Yep, every offensive football coach deals with false start penalties. Every coach tries to deal with it after they notice the problem. Coaches, here’s your issue, it’s too late if it’s already a problem. Sure, you may help the issue. But if your offensive line coach AND the quarterbacks coach didn’t start planning it from day 1, you’re going to have issues.
Why do I say the quarterback’s coach as well? Because the Quarterbacks have to change their cadence on every snap in team as well so the whole offense gets used to it.
I’ve touched on the topic of offensive line coaches understanding defensive run fits in the past. But it is absolutely critical that offensive line coaches spend time with their defensive coordinator in order to understand how defenses defend plays. Then, the coach needs to take this information to the next step and equip their plays to be better prepared for well coached teams. I’ll use a simple example, weakside iso versus a 4-3 over cover 4 front, to show the importance of understanding defensive run fits.
Offensive Line Coaches Understanding Run Fits: “The Play Looks Wide Open Coach!”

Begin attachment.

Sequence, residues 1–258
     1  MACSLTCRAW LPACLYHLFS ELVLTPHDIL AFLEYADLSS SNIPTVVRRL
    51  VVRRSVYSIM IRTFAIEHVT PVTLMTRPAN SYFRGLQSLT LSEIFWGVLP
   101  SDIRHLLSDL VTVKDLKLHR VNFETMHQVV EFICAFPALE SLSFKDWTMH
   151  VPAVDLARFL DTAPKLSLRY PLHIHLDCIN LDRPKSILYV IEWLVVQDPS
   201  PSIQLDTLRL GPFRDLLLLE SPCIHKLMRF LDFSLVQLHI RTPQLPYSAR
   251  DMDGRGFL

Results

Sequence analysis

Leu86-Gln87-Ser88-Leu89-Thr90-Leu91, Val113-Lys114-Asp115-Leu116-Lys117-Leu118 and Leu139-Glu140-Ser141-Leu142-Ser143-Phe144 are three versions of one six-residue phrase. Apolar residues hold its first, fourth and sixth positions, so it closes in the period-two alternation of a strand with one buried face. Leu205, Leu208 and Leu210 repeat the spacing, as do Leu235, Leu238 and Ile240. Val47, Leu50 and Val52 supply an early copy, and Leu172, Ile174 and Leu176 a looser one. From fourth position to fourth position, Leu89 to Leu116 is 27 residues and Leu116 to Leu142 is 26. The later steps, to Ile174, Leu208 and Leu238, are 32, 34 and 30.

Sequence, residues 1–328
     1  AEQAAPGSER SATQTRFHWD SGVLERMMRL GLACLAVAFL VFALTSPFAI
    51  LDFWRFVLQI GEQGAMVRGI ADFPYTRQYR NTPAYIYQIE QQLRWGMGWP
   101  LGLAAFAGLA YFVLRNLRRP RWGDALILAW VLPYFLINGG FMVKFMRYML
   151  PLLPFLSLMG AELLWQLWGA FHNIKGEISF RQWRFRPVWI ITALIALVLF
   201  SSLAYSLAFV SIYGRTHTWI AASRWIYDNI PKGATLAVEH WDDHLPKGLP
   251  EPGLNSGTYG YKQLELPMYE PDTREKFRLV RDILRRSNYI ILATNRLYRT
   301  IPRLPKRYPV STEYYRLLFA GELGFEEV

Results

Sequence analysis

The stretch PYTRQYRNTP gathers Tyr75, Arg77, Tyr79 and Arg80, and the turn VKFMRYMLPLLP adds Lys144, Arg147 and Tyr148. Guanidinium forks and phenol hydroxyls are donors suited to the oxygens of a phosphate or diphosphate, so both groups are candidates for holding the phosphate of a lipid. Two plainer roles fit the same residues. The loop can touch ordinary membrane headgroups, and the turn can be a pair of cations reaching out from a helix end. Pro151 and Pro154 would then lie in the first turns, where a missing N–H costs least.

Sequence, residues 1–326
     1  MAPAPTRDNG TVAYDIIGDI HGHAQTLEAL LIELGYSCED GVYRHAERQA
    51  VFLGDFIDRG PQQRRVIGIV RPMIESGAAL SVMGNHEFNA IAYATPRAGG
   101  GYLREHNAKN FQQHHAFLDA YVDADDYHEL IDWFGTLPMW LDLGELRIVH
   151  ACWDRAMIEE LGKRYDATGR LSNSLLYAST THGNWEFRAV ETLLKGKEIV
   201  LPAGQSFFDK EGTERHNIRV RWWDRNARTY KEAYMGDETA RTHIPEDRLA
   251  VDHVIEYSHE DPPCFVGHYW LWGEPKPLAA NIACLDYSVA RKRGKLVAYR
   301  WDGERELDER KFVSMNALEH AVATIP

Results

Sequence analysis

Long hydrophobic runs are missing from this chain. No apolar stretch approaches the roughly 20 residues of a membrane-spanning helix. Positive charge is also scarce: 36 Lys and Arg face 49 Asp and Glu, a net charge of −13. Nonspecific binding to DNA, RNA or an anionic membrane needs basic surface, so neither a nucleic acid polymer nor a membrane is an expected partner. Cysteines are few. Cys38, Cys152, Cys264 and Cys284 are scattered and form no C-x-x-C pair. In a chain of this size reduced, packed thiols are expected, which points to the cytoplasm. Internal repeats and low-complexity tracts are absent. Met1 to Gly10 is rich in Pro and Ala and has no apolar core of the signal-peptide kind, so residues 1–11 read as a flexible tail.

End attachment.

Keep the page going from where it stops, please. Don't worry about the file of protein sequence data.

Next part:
Or… “It’ll be there all day!” Then it’s not. We’ve been there…
I believe every football coach needs a resource from year to year that documents their top football practice drills. Not only is it a good way to document what you do, the critical coaching points, and the purpose of the drill, but it also great to have in your back pocket if you ever change coaching jobs.
To help get you started, here is a list of my 3 favorite o-line football practice drills. In addition to this post, I also have another post on everyday football blocking drills. Hopefully they will help get the juices flowing so that way you can start…
These two videos of Wisconsin offensive line drills (well, actually just one) comes from the 2011-2012 spring practice season. Obviously the Wisconsin Badgers’ offensive line was very successful under the tutelage of Wisconsin offensive line coach Bob Bostad. Much of that is due to the little things, aka offensive line drills like these. This first video, which I found on Youtube, does a great job showing a very physical offensive line football drill on the one man sled.
Wisconsin Badger Offensive Line Drills: One Man Sled
Wisconsin Badger Offensive Line Drills Technique for One Man Sled
Let me start by saying I typically don’t like the idea of making a general term apply to an offense. Each offense is different. The typcial spread offense that is seen in college and high school football today, by definition, is designed to attack the football field horizontally and vertically by using player leverage and field spacing. That’s basically the one aspect of the spread offense that is applicable for all teams.
So basically, this is my plead for all coaches, calling your offense the spread offense is limiting and lacks seriously detail. You’re creative, tell people that you like to “make defenses defend the width and…